Acceptance Rate
Median Undergrad GPA
Accepted Applicants Who Attend

Test Scores

25th-75th percentile
(enrolled students)


Application Deadlines
February 28

Application Process

Rolling Admissions

Application Fee

LSDAS Service Used

Applicants accepted in terms other than fall

Transfer Applicants Accepted

Deferred Admission

Other Admission Factors


LSAT Score
Undergraduate GPA
Letters of Recommendation
Essay / Personal Statement

Selectivity Rating

Students Say

It’s hard to beat Yale Law School, where the atmosphere is “highly intellectual” and classes are mostly “small” (first-year classes vary in size from fifteen to ninety students). One of the many uniquely cool things about Yale is that “there aren’t very many required courses.” All 1Ls must complete course work in constitutional law, contracts, procedure, and torts. There’s also a small, seminar-style legal research and writing course, and that’s pretty much it. Best of all, there are “no grades.” First semester classes are graded pass/fail. After first semester, there is some semblance of grades but, since Yale doesn’t keep track of class rank, it’s not a big deal.
Academically, “this is the best place in the world.” “It’s easy to learn about whatever you’re interested in, from medieval European law to helping immigrants in the modern-day United States,” says one student. Yale is home to cutting-edge centers and programs galore. Clinical opportunities are vast and available “in your first year,” which is a rarity. You can represent family members in juvenile neglect cases, provide legal services for nonprofit organizations, or participate in complicated federal civil rights cases. It’s also “easy” to obtain joint-degrees or simply “cross-register for other classes” at Yale. A particularly unique program allows students to get a joint-degree at the Woodrow Wilson School of Public and International Affairs at Princeton.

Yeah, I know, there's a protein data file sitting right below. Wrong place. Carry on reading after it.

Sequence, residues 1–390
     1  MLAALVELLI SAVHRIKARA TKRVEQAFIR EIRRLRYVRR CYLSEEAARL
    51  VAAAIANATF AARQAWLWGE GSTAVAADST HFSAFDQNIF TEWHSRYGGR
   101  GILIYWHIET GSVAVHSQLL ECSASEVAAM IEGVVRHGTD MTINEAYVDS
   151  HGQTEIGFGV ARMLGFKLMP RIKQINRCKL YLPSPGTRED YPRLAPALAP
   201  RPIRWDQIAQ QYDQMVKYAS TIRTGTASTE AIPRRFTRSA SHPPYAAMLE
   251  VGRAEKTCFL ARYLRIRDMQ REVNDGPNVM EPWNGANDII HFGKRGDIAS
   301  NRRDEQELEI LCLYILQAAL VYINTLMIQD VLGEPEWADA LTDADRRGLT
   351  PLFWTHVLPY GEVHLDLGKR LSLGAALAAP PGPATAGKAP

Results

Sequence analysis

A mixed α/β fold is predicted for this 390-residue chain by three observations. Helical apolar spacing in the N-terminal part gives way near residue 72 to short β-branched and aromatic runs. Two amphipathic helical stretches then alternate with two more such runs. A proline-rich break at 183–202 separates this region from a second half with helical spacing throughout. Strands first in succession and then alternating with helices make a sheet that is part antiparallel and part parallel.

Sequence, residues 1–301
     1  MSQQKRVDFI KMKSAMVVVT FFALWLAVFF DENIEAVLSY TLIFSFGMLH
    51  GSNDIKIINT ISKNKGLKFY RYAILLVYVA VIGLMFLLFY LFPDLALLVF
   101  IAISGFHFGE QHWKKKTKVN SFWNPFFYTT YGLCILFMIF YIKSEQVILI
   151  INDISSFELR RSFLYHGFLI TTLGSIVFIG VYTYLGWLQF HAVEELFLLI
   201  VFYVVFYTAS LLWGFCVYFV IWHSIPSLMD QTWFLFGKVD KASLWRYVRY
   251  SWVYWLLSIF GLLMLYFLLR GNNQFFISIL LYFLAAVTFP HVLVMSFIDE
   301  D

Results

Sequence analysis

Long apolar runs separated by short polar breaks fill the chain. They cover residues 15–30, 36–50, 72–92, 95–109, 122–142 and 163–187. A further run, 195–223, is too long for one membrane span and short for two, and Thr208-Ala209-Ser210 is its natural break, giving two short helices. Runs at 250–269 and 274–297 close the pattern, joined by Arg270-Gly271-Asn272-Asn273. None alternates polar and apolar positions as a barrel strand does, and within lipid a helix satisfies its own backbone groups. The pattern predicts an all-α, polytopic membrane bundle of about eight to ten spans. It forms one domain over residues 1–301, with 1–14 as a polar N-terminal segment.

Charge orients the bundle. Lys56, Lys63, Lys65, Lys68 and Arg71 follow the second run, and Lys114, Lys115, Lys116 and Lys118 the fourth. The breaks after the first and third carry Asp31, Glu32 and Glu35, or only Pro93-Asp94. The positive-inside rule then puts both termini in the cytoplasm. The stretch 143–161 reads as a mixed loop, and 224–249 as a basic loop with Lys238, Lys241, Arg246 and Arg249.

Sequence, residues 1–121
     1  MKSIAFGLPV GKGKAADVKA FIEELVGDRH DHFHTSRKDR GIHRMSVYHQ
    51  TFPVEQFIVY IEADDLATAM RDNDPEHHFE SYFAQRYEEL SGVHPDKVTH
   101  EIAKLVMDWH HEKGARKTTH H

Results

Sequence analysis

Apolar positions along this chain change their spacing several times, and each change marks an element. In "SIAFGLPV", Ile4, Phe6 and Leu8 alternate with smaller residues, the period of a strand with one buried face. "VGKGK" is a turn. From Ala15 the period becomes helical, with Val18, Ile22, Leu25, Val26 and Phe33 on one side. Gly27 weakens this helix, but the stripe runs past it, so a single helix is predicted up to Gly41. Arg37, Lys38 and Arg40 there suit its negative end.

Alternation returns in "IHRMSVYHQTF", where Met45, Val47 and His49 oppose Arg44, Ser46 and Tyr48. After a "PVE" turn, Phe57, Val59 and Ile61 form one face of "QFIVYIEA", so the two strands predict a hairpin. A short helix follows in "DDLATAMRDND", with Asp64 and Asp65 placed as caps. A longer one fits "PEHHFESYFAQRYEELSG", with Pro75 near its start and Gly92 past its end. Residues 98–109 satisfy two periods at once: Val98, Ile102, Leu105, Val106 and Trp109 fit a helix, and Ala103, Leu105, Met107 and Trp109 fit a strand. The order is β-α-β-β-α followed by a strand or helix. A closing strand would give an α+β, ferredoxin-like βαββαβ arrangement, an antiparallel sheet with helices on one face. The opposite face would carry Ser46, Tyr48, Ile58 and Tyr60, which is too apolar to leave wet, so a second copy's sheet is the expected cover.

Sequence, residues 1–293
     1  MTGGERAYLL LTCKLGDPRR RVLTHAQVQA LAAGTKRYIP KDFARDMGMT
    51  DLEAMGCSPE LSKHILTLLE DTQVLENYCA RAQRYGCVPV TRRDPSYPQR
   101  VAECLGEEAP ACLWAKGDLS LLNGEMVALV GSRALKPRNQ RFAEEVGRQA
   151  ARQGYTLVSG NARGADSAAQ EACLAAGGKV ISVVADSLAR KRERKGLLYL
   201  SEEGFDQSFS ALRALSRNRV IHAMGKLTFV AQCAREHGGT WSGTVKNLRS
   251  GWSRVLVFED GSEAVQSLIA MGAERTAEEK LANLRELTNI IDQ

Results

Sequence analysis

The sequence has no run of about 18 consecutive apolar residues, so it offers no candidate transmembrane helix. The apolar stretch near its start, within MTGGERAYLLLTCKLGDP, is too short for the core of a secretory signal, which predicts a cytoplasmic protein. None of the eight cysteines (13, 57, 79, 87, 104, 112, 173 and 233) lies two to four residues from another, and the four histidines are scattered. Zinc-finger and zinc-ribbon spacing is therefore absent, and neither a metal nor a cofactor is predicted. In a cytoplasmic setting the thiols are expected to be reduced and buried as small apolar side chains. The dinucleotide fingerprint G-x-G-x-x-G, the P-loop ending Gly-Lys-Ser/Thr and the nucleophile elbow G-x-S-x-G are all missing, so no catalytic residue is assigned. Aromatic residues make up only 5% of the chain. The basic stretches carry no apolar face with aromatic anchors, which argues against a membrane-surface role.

Student report that the administration is “generally friendly.” Word on the faculty is mixed. “I love all my professors,” beams a 2L. “They will help me with anything.” Nearly all agree that “most professors are delighted to help you.” When jobs and clerkships are on the line, it’s not uncommon for professors to personally make calls on behalf of students “to high-profile firms or government officials.” Other students, however, tell us the faculty isn’t all it’s cracked up to be. “Quality teaching is not valued enough,” gripes a critic. “Professors are hired based on their scholarship rather than their ability to teach or their interest in interacting with students.”
Employment prospects are simply awesome. A degree from Yale virtually guarantees “an easy time finding a good job” and a lifetime of financial security. There is “very solid career support” (including “lots of free wine” at recruiting events). But did you know that Yale prolifically produces public interest attorneys? It’s true. Every one of Yale’s graduates could immediately take the big firm route but, each year, hordes of them don’t. Yale “encourages diverse career paths” and “nontraditional routes” (“especially in academia and public interest”) and annually awards dozens of public interest fellowships to current students and newly minted grads. There’s a “great” loan forgiveness program too.